This blog has been fun to write. It's given me a chance to organize my notes (which are very long and chaotic) in a presentable way. However, even though I've only been writing this blog for a few months, it takes up a lot of work and time. There are some other things in my life right now which take precedent, so I've decided to put this blog on hiatus.
The purpose of this blog is not just to share applications, but to inspire others to do their own searching. If you have any questions about the ITF forms (Chon-Ji through Gae-Baek) feel free to comment and I'll look through my notes and see what I can find.
My posts on Joong-Gun and Ko-Dang might have given the impression that each set in a form has one application and that's it. While I think discovering the form's strategy or theme is important, many of the sets -- especially those in the lower forms -- have multiple applications to them. For example: the wedging block set in Do-San can be used to block a roundhouse punch, to block a shove, to create a nikkyo wrist lock, to defend against a double lapel grab, or as tomoe nage. So I wouldn't get too hung up on what the "right" application is: find something that both works and follows the form.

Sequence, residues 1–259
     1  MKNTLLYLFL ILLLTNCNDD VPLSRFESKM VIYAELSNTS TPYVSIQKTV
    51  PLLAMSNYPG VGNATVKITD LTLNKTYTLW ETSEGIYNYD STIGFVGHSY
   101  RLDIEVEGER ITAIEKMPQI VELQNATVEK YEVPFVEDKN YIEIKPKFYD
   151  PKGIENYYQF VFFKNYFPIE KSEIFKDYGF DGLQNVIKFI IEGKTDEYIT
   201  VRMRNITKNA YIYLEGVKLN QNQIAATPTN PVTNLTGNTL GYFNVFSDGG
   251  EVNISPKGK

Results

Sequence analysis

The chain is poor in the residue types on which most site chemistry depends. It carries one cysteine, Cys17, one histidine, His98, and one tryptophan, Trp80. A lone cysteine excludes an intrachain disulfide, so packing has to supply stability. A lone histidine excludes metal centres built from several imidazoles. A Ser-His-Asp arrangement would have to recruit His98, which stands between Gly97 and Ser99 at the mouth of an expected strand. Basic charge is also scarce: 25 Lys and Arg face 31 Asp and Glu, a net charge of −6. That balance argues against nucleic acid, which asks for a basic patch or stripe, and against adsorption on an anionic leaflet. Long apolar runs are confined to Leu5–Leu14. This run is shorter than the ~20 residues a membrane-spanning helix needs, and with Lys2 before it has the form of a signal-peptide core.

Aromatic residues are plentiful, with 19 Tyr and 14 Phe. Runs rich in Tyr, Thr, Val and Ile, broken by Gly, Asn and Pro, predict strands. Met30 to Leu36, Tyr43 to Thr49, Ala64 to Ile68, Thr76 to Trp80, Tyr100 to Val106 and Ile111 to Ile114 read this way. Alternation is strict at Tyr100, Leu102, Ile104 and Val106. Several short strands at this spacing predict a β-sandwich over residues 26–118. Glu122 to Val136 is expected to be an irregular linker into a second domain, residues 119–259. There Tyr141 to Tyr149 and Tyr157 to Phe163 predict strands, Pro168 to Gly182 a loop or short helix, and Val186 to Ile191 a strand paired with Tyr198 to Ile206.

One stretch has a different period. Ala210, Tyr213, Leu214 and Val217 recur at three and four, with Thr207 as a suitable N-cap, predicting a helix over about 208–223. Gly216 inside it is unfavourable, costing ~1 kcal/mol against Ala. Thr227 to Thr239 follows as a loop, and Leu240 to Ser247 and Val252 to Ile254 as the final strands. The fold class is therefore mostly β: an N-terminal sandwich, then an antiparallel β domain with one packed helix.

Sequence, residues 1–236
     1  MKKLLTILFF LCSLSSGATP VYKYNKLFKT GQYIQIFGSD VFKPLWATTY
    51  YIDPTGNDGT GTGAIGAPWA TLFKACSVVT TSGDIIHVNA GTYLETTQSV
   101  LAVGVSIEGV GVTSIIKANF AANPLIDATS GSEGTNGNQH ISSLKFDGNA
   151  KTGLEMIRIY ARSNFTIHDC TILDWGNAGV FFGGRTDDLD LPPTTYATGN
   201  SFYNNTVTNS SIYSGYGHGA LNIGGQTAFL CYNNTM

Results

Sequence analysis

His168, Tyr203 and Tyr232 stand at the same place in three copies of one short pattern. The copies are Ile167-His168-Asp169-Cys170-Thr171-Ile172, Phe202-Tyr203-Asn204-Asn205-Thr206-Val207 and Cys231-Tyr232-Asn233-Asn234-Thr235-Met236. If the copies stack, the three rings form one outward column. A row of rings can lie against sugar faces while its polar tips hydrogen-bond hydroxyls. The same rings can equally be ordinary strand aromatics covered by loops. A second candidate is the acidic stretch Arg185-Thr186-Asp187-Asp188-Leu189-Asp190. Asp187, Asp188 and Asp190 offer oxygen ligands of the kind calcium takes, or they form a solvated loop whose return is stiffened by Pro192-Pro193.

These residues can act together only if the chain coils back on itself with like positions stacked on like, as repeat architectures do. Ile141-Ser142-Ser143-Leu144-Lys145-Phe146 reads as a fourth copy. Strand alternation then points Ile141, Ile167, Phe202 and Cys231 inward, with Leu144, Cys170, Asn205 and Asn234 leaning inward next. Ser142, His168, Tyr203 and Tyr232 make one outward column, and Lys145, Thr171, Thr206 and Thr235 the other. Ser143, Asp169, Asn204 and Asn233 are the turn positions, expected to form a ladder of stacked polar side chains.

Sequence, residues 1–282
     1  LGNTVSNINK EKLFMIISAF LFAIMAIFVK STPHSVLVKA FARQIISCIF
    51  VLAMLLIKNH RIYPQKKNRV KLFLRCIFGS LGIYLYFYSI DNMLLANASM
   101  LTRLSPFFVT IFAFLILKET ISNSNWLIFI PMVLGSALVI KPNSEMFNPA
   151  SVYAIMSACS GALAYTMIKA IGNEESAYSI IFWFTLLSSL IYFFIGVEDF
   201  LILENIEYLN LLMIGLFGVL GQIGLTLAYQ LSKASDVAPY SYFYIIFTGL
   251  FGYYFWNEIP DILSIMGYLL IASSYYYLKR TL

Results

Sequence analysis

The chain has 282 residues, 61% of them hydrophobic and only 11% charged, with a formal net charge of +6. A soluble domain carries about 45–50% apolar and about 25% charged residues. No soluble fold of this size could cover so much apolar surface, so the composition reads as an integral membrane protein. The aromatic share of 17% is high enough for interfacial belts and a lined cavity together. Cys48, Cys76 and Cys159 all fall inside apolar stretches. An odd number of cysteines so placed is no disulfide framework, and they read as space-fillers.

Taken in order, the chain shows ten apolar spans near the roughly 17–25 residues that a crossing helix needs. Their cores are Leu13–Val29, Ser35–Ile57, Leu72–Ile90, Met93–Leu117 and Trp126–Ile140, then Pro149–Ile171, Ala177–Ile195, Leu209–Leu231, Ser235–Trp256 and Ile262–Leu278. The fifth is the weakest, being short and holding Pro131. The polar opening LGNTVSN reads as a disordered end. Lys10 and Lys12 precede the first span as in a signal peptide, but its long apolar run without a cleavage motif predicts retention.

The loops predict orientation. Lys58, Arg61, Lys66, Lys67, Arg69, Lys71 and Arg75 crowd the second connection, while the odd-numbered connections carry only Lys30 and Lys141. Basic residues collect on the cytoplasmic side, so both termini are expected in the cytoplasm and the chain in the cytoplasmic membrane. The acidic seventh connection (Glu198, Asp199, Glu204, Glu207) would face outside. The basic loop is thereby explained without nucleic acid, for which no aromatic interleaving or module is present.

Here is a directory of the posts so far:
Chon-Ji and Dan-Gun
Using chambers to parry attacks (Discusses both parry-pass and brush-grab-strike)
Addendum: More on basic blocks
The front stance middle punch
Dan-Gun: Defense against roundhouse punches
Locking in Do-San, Part I
Locking in Do-San, Part II
Kick-catching, Part I
Kick-catching, Part II
Kick-catching, Part III
Throwing in Choong-Moo, Part I
Throwing in Choong-Moo, Part II
Even more throwing, from Po-Eun!
Tackle defense, Part I
Tackle defense, Part II
Why the ITF forms are not just remixes of Shotokan karate kata